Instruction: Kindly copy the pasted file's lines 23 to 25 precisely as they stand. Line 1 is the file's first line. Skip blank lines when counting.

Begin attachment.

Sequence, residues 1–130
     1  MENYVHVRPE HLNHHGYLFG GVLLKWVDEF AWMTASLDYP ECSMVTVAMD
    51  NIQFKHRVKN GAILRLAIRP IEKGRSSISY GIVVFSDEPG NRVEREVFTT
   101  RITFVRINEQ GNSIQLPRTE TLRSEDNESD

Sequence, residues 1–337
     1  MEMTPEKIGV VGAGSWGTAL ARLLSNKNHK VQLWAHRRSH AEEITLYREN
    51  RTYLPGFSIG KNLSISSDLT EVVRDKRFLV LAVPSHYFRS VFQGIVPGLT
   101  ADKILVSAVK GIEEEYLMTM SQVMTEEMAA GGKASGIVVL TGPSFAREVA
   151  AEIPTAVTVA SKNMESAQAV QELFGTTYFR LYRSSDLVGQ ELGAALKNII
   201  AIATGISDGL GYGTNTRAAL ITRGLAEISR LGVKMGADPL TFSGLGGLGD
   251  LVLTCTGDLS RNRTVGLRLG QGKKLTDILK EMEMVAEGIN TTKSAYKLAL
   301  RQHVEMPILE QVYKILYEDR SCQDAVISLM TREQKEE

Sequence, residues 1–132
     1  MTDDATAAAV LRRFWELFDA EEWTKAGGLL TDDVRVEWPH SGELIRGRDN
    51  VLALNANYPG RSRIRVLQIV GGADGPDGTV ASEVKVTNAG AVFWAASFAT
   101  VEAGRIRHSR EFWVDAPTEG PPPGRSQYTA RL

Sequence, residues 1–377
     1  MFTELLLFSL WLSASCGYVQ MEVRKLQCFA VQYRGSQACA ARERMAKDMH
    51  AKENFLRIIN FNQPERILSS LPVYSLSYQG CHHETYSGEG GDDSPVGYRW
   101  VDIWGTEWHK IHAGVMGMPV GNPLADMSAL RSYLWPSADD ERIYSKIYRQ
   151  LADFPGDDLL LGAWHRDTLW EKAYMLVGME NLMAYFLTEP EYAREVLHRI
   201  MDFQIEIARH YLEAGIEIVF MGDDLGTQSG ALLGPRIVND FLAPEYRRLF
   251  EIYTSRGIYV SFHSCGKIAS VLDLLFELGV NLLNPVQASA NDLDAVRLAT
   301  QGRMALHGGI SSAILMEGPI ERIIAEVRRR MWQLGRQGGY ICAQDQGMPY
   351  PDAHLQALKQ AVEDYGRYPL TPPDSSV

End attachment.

   251  EIYTSRGIYV SFHSCGKIAS VLDLLFELGV NLLNPVQASA NDLDAVRLAT
   301  QGRMALHGGI SSAILMEGPI ERIIAEVRRR MWQLGRQGGY ICAQDQGMPY
   351  PDAHLQALKQ AVEDYGRYPL TPPDSSV